- Cutting the Crap, by TheHRD at the beautifully titled blog My Hell is Other People, discusses the way in which we describe cuts as "efficiency saving" and questions why we aren't honest and open with people.
- Managing Non Performers, by Maj Gen BK Bhatia at TalentJunction, gives several practices for dealing with the least desired, but inevitable, form of employee.
- When You Talk, Do People Listen?, by Melissa Prusher at The Devon Group, provides some advice to improve your communication skills.
- Now, Embrace Your Weaknesses, by Mary Jo Asmus at Aspire, talks about how leaders should recognize their weaknesses and use them to their advantage.
- Watch the Eyebrows, by HoneyPieHorse, this time at Working Girl, discusses how a big productivity killer in organizations is fear of confrontation.
- Only the Lonely, by Steve Browne, guest-posting at upstartHR, talks about how lonely HR people are by definition, given their inability to vent since they are the someone that people vent to. Then again, Steve has an idea…
- What is Your "Go To" Resource?, by Ben Eubanks at upstartHR, asks a simple question that every HR professional should be able to answer.
- Twitter 101 for HR, by Mark Stelzner at Inflexion Advisors, delivers a dynamic presentation on why human resources needs to use the Tweet Machine.
- Unemployed? Then Don't Bother Applying, by Evil HR Lady at BNET, addresses the concerns of job searchers who are seeing statements prohibiting the unemployed from applying for jobs. Yes, just like the title suggests.
- More Thoughts on Networking, by Meg Bear at TalentedApps, asks folks to reconsider whether they really don't have anything interesting to say - or if they're just being selfish.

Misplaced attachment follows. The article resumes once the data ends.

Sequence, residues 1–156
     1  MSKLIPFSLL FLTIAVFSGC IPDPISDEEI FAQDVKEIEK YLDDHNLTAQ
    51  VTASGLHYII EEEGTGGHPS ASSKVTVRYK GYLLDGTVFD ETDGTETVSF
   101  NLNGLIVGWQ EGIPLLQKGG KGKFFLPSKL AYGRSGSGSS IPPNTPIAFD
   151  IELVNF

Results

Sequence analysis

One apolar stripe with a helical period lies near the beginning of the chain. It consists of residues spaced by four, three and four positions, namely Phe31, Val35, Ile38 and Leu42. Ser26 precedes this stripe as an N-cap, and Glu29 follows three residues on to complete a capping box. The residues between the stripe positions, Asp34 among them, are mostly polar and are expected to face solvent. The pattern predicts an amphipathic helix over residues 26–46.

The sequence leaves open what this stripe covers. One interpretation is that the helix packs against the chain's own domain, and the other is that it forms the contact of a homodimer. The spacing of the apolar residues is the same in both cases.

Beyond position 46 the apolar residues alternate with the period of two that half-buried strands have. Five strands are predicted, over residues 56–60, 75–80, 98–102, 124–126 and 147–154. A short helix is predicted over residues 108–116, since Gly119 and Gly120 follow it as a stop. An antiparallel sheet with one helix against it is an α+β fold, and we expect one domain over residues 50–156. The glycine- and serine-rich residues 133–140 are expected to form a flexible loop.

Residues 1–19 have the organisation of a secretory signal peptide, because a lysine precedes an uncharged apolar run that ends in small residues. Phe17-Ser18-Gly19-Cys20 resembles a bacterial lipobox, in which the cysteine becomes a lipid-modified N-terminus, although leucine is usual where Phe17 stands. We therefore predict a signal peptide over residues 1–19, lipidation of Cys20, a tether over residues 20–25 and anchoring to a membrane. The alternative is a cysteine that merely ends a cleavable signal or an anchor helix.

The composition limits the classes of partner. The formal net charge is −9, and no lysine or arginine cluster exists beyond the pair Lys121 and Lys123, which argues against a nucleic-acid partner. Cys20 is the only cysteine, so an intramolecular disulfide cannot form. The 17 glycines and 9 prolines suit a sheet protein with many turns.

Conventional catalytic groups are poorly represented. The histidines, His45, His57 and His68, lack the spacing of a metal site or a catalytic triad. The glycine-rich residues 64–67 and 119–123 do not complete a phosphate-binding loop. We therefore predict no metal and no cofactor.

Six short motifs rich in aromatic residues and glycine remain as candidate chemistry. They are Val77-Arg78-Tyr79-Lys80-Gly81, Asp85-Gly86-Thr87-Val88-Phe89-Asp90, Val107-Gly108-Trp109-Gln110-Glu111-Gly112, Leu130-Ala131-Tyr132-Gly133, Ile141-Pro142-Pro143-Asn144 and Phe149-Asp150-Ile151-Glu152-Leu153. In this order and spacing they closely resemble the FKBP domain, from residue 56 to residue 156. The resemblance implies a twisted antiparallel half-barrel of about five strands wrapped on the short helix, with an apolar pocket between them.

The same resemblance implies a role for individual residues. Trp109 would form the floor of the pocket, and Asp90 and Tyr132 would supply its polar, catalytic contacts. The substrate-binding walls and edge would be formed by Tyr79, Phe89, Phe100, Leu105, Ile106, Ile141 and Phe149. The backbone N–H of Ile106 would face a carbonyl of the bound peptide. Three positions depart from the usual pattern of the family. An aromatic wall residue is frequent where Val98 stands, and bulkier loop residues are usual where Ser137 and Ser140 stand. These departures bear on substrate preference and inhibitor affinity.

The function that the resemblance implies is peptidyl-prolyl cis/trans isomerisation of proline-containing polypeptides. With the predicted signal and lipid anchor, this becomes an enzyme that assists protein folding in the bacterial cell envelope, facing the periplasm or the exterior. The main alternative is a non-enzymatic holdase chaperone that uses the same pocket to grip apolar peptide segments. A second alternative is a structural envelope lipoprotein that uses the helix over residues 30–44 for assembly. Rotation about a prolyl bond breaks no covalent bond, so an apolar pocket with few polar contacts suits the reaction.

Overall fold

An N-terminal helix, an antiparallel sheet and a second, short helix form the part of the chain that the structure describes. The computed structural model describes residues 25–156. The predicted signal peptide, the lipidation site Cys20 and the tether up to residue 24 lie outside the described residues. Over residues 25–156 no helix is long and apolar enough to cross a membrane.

- When a Job Board Gets It Right, by Kelly Dingee at Fistful Of Talent, raves about ClearedJobs.net and why vetting job boards is so important.
- Networking Love, by Susan Heathfield at About.com, talks about how HR networking can be scary and difficult, especially when you need help with something such as a job or clients. By emphasizing what you have to give and share, HR networking can become a win-win.
- Drew Tarvin has a question for you. Actually he has 50 of them. Learn more about your coworkers with 50 Questions to Get to Know Someone over at Humor That Works.
- 5 Reasons You Need a Cover Letter, by Marsha Keeffer at Mint Resumes, addresses why cover letters are a great way to get the attention of HR professionals.
- The Impact of Our Environment, by Kevin Eikenberry at The Kevin Eikenberry Group, explains how our surroundings affect our decisions and perspective.
- An Ultimate Sacrifice, by Benjamin McCall at RethinkHR, is a Memorial Day post commemorating veterans and recommending that HR professionals learn and understand the resources available to veterans and current soldiers.
- It doesn't have much to do with HRM, but Naomi Bloom at In Full Bloom (I wish I had a name that made for a clever blog title) provides an intriguing exposé of her travels in Istanbul.